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Cheapening Our Franchise

Julian Villarreal

Last Wednesday, at around noon, my heart broke. Having returned to my room after leaving work, I turned on the television and learned that Senator John Kerry had conceded the presidential election of 2004. While I, along with millions of Americans, had foreseen this eventuality, I had fallen asleep with my hopes dangling by a thread; this time that thread was not a hanging chad but a provisional ballot.

While I was at work, political science professor Harvey Sapolsky asked me, “So are you satisfied with the outcome of the elections?”

“Not terribly, but at least they’re not over,” I said, naively believing, as the national media also seemed to believe, that crucial votes had yet to be counted.

“Oh, they’re over... They’re over,” he replied, in a cryptic tone that I could distinguish as neither relieved nor disappointed.

Undeterred in my intrepid optimism, I knew that after the 2000 elections, anything, mind you, anything, could be possible. And, indeed, anything was possible, including concession. After learning the news, I did the first thing that always comes to mind when I’m in a distressed mood; I called my mother. We tried to console each other, both of us feeling the weight of eight, long, frustrating years, those behind us as well as those ahead of us. I felt hopeless. Although I felt optimistic after casting my absentee ballot in San Antonio, Texas, hoping that, at the least, my Democrat-leaning county would go to Kerry, I now felt that my vote stood for nothing, yielding to the electoral realities of the so-called swing states.

Hoping to overcome my feelings of helplessness, I resolved to do something. So, at the spur of the moment and while still on the phone with my mom, I put on my jacket, flew down the stairs, camcorder in hand, hopped on my bike and raced to the Kendall T stop. I was going to Faneuil Hall to hear my candidate give up the fight. I forgot about my half-finished p set, skipped my classes, and skipped lunch to be part of history. As I stepped out of the Government Center station onto City Hall plaza, I joined a steady stream of people who were heading where I was headed. I was able to maneuver my way right up to the police barricade and put on one of the “Kerry-Edwards” stickers that had been making their way through the crowd. After about an hour, the motorcade arrived. The crowd began cheering at the first sight of Kerry in the back seat of a black Suburban. Kerry entered the hall, and shortly thereafter, the crowd received his speech thanks to a loudspeaker that had been placed outside. As I looked around me, my eyes fell on the faces of my fellow supporters, some of whom had been moved to tears and rightly so. Would you not cry if your hopes and dreams for the next four years -- for the future of America -- had been squashed because 150,000 Ohioans had cast their vote based on the warm and fuzzy feeling they had inside instead of on the issues? The man standing next to me in the crowd wore a button that gave ample reason for tears: “When Clinton lied, nobody died.”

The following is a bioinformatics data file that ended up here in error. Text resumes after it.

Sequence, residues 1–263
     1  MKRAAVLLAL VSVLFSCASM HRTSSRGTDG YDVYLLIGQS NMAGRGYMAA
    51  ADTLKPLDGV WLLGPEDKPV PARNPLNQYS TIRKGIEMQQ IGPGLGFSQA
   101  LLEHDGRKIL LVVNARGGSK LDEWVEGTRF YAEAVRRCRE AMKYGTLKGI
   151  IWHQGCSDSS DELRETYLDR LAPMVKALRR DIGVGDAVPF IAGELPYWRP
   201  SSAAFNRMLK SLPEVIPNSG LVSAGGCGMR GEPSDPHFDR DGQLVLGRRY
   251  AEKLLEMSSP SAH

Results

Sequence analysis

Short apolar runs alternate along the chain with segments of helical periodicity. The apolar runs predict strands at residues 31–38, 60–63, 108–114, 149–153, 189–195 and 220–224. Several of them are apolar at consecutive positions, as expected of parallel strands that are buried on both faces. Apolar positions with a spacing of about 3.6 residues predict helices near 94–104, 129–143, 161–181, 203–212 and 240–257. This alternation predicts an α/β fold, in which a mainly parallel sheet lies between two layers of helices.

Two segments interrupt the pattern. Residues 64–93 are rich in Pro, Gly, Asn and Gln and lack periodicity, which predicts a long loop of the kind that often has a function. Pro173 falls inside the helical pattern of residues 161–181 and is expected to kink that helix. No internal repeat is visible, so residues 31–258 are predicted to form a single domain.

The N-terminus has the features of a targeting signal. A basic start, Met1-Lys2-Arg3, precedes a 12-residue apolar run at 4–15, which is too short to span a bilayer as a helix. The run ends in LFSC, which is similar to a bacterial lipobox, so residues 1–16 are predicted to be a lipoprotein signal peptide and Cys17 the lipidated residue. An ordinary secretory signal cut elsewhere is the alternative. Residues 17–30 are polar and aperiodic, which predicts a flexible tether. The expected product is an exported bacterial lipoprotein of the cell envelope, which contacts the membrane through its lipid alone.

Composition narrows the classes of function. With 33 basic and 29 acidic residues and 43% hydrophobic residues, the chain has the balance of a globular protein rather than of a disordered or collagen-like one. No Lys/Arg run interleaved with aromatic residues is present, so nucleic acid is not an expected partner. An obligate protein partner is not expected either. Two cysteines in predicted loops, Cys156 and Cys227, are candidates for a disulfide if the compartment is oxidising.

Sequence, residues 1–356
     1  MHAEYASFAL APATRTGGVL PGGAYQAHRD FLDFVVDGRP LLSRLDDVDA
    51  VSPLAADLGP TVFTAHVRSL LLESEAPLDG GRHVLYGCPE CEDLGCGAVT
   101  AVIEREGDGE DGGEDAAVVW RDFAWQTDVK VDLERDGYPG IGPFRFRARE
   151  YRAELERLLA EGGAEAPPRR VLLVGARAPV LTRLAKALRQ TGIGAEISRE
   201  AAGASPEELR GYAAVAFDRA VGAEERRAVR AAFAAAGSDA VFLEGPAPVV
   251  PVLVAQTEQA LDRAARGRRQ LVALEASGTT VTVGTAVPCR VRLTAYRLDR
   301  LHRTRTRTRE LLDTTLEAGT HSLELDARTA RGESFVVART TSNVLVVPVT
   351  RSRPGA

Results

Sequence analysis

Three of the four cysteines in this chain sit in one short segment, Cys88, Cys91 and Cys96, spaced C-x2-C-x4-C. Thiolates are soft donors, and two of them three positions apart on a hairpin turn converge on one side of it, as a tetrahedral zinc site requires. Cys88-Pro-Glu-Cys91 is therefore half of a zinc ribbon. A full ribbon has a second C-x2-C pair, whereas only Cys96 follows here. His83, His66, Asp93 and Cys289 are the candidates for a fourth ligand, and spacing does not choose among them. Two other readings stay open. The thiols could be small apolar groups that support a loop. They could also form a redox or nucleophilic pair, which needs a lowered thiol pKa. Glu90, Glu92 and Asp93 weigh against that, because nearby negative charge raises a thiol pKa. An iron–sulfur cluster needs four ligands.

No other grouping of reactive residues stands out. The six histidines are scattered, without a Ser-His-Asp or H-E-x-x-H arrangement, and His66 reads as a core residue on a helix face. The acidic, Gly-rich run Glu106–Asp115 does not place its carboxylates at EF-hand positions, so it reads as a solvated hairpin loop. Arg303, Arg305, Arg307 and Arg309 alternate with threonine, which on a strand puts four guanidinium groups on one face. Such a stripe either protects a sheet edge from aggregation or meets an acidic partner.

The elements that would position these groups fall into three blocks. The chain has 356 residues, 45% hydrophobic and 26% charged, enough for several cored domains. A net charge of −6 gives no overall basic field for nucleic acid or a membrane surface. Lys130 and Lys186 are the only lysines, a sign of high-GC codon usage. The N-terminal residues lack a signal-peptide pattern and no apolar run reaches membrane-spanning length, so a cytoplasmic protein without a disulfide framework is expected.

Indeed, two things make this loss so much more devastating than the bitter one of 2000. First, it appears that this election was decided fair and square. This election does not have an asterisk next to it. Second, exit poll surveys indicated that the number one issue of the mind of voters was not Iraq, not health care, not terrorism, not the economy, but moral values. Moral values. Or, at least the perception of them. In the midst of the greatest challenges facing our nation in a generation, millions of Americans cast their vote -- exercised the right that was won and has been protected by over 200 years of blood, sweat, and tears -- based not on the candidate whose ideas they felt had greater merit but on which candidate they perceived to be of greater moral fiber. Whether one cast a vote for Kerry or for Bush, moral values seemed to be the theme of election night 2004. I fear that in the final analysis, this method of deciding whom to vote for cheapens our franchise and makes our election nothing more than a glorified popularity contest.

I, for one, believe that both men have equally high moral, spiritual, and family values. I have no doubt that both men speak with God. I do have doubts about which of the two is listening better. But, when I filled out my absentee ballot, I thought not of which candidate I would trust to handle my personal finances or which I would rather go to church with on Sunday. I, like many Americans, voted for the man whom I thought would lead our country the best way that I see fit. From my perspective, the president has had four years to demonstrate his aptitude as a leader -- or lack thereof. However, it now seems that I am in the minority.

So, as the senator ended his campaign, making one last round of handshaking on the rope lines, I walked away dejected, hoping against all odds that the events of the last 18 hours had been but a bad dream. The next time Americans think about voting on moral values instead of on issues and leadership, they should remember the words of Abraham Lincoln that Kerry so cogently paraphrased when he accepted the Democratic nomination: “Don’t pray that God’s on our side; pray that we’re on God’s side.” That will be my prayer tonight. But for now, it seems as if it’s all over but the crying.

Julian Villarreal is a member of the class of 2007.